If you manage to guide your customers through your online store in such a way that they don't have to think much, but can see at a glance what they need to do next, you've made it. You have a really good online store with excellent user guidance. Find out more in today's podcast with your conversion hacker, Jörg Dennis Krüger.
TRANSCRIPTION OF THIS EPISODE OF THE PODCAST
My name is Jörg Dennis Krüger and, as my guide at reception has just said:
Yes, I am the conversion hacker.
And today's episode of the Conversion Hacking Podcast is actually about leadership. Namely user guidance. I say it all the time in everyday life, "The site doesn't have any user guidance", and then people always look at me stupidly and say: "Yes, look, there's a navigation bar!" And I say: "Yes, the navigation bar takes up, let's say, 2 percent of the total screen area on your screen".
And then a navigation bar also has "About us" and "Information" and perhaps also "Sent" and so on, so that the part that is actually really relevant for the user shrinks to a minimal part.
And if we then take a look at the mobile version, where the entire navigation is hidden behind a hamburger menu, then we can forget it right away. That's no good, because we really have to actively take the user by the hand. In other words, they need to be able to click on something relatively quickly.
It's very simple. We have to show him something where he can immediately say "I want that", click on it and that's it. How do we do that? We don't put a big slider or teaser at the top. We show the categories or products with meaningful images that we also label properly, that have good contrast and where I don't have to scroll to get more information. The customer has to understand immediately what it's about and then click on it.
That is user guidance. User guidance must be implicit. Explicit user guidance, where the user first has to read, so to speak, or where they perhaps have to go through a configurator somehow in order to be guided, is always second choice.
User guidance really means taking the thinking out of the user's hands on every page and implicitly showing them quickly where to click and what is of interest to them.
And, of course, this also means reducing the selection as much as possible and really only offering what is relevant. So that when the user comes to the site, he sees his six tiles and says: "I want those", and he has already made his decision. So they are on the categories and are not overwhelmed with 500 different filters, but perhaps with a few very specific filters that work well.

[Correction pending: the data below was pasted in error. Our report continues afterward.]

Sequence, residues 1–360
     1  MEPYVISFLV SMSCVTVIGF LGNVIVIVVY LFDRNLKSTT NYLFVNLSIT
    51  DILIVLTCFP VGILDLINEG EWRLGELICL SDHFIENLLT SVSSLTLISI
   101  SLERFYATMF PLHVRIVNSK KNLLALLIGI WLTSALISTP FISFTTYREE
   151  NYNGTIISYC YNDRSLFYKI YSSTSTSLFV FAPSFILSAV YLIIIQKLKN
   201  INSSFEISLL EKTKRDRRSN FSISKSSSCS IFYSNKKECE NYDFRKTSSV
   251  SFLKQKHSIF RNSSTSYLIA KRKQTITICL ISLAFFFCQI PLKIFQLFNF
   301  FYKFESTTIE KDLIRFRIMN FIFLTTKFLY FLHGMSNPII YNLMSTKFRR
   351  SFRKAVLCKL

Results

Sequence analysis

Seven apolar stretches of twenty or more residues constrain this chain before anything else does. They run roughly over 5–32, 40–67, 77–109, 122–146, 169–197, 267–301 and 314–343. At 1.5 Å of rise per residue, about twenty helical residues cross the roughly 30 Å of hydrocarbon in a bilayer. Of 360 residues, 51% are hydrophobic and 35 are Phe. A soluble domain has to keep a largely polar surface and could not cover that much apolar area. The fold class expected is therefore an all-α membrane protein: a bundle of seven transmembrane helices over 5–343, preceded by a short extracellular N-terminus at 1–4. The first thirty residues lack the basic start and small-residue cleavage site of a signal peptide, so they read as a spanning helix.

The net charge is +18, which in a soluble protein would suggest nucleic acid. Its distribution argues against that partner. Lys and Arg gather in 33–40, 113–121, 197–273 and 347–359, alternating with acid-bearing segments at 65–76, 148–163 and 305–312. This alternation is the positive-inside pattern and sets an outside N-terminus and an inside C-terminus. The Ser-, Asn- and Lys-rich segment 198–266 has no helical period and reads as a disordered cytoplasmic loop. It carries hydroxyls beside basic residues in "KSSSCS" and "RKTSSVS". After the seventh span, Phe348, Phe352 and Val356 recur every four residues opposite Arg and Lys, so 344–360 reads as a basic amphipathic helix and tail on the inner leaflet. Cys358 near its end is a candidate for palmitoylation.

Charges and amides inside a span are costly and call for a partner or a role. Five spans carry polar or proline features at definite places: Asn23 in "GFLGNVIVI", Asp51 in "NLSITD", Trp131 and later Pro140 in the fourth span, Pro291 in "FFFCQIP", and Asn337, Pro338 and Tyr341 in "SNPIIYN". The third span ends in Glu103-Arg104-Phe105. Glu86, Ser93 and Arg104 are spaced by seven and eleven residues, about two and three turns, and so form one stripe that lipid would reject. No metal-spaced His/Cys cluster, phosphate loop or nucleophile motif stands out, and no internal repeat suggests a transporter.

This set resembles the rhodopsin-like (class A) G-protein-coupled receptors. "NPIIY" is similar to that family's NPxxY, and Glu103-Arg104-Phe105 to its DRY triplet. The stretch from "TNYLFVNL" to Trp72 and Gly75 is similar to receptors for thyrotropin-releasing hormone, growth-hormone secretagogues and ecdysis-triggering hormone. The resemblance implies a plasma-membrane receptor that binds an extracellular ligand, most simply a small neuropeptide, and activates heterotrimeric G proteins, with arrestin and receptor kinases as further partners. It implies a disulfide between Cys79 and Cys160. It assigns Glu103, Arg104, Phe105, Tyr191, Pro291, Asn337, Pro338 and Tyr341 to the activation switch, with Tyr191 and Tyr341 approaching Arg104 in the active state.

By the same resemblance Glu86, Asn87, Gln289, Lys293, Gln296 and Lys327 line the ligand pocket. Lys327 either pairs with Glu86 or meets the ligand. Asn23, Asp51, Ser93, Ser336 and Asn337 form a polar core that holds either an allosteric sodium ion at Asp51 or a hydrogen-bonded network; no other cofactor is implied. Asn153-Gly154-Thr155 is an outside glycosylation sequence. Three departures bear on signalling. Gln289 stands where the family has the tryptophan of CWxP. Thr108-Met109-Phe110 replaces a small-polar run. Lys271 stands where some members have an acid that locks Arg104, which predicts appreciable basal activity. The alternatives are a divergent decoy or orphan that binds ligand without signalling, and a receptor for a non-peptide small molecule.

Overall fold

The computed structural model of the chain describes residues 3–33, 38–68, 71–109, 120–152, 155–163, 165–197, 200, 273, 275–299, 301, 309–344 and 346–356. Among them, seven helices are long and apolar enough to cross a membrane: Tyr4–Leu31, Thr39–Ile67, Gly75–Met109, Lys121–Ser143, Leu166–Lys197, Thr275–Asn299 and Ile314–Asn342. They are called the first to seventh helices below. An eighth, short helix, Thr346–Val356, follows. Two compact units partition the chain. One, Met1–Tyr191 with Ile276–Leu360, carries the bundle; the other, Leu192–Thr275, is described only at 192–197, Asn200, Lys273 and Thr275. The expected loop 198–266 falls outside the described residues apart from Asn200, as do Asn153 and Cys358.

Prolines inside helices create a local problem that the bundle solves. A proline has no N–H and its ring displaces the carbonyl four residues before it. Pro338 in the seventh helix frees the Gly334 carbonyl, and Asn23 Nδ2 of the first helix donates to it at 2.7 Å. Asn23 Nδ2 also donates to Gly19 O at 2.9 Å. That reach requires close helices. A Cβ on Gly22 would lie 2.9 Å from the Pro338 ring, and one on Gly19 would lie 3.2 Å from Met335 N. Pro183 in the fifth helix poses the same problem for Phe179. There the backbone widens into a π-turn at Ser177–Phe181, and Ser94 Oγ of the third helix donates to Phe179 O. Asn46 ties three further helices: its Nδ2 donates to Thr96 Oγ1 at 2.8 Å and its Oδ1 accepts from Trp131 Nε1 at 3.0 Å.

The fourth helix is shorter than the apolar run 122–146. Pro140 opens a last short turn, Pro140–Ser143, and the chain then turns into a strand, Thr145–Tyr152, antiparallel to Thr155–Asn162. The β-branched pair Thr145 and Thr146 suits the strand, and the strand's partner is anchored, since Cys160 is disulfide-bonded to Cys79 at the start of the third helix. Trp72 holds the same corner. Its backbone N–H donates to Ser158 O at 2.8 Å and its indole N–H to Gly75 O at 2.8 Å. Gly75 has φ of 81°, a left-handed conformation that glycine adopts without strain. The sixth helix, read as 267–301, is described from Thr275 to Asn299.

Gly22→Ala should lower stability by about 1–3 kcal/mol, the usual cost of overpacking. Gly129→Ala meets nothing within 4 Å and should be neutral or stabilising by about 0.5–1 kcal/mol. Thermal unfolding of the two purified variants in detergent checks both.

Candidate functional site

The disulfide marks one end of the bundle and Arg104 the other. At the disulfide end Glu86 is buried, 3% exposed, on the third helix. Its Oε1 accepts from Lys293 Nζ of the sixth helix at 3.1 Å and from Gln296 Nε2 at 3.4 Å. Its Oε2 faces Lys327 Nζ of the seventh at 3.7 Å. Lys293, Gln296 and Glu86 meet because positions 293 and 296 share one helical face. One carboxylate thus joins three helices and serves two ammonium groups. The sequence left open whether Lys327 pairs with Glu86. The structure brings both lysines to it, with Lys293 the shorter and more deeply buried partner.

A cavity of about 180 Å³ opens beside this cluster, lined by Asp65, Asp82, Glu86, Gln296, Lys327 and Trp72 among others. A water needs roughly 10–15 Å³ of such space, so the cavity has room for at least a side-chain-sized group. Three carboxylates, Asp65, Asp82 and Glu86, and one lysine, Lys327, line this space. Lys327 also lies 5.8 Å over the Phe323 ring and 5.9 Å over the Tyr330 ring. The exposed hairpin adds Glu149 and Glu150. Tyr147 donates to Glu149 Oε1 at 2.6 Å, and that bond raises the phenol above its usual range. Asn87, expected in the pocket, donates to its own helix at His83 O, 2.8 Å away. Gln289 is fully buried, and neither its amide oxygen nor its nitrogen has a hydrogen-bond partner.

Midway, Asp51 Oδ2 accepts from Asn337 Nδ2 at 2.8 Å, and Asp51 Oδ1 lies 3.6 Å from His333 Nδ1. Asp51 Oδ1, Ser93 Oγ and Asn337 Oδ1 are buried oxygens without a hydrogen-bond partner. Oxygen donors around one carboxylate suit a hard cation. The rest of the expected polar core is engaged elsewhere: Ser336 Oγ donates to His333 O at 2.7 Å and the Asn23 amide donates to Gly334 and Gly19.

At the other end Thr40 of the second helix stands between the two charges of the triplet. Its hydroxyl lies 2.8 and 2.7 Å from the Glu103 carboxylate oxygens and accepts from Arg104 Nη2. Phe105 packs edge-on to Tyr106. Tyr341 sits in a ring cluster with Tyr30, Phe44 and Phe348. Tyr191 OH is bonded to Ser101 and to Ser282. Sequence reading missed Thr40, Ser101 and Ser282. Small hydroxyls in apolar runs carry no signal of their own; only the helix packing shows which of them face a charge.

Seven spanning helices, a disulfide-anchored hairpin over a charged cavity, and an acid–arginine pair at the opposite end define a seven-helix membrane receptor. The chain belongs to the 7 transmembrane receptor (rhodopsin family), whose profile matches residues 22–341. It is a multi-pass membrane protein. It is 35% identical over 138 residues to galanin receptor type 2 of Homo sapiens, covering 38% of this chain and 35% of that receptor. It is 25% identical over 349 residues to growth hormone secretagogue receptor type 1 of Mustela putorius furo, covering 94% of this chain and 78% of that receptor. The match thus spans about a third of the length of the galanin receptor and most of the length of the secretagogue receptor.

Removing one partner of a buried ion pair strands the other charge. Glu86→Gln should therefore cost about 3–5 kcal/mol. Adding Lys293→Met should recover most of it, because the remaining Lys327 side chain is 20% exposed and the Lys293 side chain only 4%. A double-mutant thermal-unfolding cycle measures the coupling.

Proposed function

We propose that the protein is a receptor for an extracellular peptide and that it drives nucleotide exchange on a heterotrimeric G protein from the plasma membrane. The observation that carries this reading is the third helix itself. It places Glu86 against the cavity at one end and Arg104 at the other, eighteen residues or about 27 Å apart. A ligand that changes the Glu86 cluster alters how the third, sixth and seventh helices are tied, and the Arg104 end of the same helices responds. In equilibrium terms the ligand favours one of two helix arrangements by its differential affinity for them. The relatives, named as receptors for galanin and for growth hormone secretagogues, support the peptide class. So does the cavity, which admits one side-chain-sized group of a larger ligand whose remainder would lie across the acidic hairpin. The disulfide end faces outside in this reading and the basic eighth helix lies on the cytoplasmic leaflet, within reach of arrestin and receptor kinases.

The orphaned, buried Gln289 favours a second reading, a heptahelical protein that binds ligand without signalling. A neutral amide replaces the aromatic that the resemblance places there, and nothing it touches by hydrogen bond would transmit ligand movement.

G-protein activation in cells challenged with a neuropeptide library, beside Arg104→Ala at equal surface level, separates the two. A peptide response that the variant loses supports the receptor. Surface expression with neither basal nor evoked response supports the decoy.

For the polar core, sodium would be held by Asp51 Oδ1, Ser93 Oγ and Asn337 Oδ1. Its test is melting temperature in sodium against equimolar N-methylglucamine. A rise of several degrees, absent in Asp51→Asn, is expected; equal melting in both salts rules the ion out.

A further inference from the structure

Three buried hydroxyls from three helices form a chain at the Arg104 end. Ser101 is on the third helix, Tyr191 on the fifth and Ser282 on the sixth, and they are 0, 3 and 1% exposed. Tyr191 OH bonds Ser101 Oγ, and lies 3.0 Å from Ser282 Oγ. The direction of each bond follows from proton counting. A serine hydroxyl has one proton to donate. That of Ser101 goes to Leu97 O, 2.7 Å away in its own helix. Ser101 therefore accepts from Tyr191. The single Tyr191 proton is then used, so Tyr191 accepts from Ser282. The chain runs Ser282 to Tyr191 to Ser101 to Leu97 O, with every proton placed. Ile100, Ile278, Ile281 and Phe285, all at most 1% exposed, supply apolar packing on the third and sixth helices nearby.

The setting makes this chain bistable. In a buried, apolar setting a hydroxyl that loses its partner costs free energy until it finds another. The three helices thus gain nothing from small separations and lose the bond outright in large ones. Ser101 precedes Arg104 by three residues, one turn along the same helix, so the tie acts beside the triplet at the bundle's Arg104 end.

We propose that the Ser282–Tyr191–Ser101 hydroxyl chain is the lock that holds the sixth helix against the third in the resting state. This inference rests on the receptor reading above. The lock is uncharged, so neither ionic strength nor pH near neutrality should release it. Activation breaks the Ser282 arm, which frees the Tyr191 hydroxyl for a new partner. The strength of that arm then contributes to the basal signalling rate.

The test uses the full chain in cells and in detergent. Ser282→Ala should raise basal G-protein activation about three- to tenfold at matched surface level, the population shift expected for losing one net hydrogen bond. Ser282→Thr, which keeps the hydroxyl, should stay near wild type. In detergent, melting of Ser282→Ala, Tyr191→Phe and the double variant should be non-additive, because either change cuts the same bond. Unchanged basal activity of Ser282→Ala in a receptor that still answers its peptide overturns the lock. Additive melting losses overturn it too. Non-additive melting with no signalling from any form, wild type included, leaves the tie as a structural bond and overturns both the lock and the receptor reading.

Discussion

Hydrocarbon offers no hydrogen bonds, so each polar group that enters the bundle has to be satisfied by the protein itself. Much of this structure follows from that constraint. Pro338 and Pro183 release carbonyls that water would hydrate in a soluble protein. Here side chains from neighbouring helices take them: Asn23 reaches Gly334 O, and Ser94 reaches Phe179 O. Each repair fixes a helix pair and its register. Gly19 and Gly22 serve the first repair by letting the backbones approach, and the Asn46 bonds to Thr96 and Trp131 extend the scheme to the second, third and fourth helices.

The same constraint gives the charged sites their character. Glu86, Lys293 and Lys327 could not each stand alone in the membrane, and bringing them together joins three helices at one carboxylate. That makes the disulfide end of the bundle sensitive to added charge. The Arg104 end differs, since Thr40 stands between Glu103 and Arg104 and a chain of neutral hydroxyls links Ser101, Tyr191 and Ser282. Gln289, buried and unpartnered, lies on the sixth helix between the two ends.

When the customer clicks on any filter, he sees the products he wants and immediately sees the differences between the products and selects the respective product. On the product page he gets all the advantages. He should find a nice basket button that looks nice and is easy to find. He should also find some supporting elements underneath so that he doesn't have to scroll down to get more information about the store.
Then off to the shopping cart, where of course there must also be something to take them to the shopping cart or checkout. It is not enough for the checkout sign or the shopping cart sign to have a small number; the user must be actively shown where to go to the checkout.
We now have such a "slide in cart" in many stores. Shopify, Shopware and WooCommerce offer something like this as standard. Then he sees it and can click directly to the checkout, can buy, and that's it!
And everything that interferes with this process, everything that leads to the user having to think, that confuses him and he asks himself: "What do I have to do now?" "What does that mean?" "And here?"
All of this is then no longer user guidance, and it causes users to abandon the site. Or that they simply don't find the right products and then search and don't buy and so on. Of course, a store must not be a labyrinth. A store simply has to be a clear route.
I'm currently writing a book about that, I just remembered. It should be finished soon. It's already finished in terms of content, but it's still being proofread and so on. I should ask, because that's exactly what I'm talking about in this book, that you shouldn't confuse your customers.